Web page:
The prophet Isaiah implements extraordinary vocabulary and imagery in his book. Not only did he implore these two useful tactics, but his content was also top-notch. The melding of these two attributes set forth an incredible asset for the church; one with both past significance, and future significance. I’m always impressed by the authors of scripture, who were providentially used by God through the Holy Spirit to divinely write, with their ability to point to present (to them) occasions and show the foresight of how Jesus is the fulfillment of all things, both now and in the coming ages.
This divinely anointed attribute is shown in the first chapter of Isaiah, primarily in verses 12 through 20. Isaiah, speaking of those primarily in Judah, describes their sinful ways (v.12-15). This book was written in 740-700BC far before our time, or even Jesus’ for that matter, yet their sin was catastrophic. They’ve abandoned pure worship for the sake of being purified by giving something other than Jesus’ (v. 13). To which God says “stop it” and that “the incense is an abomination.” They’ve overvalued the keeping of “holy days” to which the Lord says, “my soul hates” this and “they’ve become a burden to me”.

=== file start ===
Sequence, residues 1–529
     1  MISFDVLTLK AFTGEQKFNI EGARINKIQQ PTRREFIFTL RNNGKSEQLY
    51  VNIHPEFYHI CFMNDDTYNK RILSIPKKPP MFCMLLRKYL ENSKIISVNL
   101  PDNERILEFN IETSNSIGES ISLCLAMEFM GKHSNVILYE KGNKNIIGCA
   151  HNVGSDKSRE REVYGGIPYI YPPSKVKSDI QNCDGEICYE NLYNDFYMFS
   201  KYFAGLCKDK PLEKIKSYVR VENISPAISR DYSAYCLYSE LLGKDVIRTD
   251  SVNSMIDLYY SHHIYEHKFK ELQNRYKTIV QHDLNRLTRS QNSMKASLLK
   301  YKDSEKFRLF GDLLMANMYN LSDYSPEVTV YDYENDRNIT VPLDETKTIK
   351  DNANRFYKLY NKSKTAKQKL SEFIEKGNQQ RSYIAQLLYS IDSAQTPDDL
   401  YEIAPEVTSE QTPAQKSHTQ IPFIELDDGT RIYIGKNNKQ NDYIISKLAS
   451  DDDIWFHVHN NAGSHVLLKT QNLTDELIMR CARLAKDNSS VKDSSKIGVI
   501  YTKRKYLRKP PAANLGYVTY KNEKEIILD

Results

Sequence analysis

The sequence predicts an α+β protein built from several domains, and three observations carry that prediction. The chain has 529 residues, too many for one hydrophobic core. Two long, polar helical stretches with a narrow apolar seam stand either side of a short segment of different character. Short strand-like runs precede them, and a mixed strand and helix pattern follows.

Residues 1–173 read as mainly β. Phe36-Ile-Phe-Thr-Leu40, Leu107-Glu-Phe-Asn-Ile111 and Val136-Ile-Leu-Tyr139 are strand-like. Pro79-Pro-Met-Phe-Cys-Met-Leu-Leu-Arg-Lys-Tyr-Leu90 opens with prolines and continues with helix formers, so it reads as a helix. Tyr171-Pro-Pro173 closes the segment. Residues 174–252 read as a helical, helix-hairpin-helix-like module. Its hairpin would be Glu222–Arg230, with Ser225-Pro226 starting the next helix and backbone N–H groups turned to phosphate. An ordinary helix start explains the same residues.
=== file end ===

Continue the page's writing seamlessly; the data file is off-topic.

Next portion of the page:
God’s righteous anger is surely on display with His people. He tells them, “I will hide my eyes from you” and “I will not listen” because of the blood on His peoples hands (v. 15). The Lord asks His people to repent, to “wash” themselves of their sin (v. 16). Further pleading (although pleading might not be appropriate) with them He asks them to stop doing evil, and encourages them to do good, seek justice, correct oppression, bring justice to the fatherless, and plead the widows case (v. 17).
Passages like these don’t necessarily give me hope. Rather, they paint a picture of how wicked men can be; how wicked I can be; how damnable my sin is, and that the weight of my sin is not equal to the substance, person or emotion that I may run to, but that it’s only weighed by whom I have run from. That all sin is equal and justifiably punishable by eternal separation from a Holy God. But…and I love this, don’t miss where redemption comes in; where Jesus can come in and transform a hopeless and dire situation, to a hope-filled outcome. No one is beyond salvation. No one is beyond saving. Jesus came and died so that ALL may know and have salvation in His name. Isaiah knew that even though He’d never met Him. He even wrote so that we may know this profound truth.
“Come now, let us reason together, says the Lord: though your sins are like scarlet, they shall be white as snow; though they are red like crimson, they shall become like wool” (v. 18). That even in the midst of our sin (Romans 5:8), the God of all creation bids us come; come and be made clean. The Gospel is: Jesus, God in flesh, laid down His life, His perfect sinless life, to make sinful man right with God, defeated death and rose from the grave on the third day. In Christ there is joy, hope, and perfect peace. Isaiah paints it this way, “if you are willing and obedient, you shall eat the good of the land” but if you don’t “if you refuse and rebel, you shall be eaten by the sword…”
Though your sin, and Satan’s scorn renders you helpless, Jesus and His Gospel bids you come and be made white as snow. It can happen. He is faithful.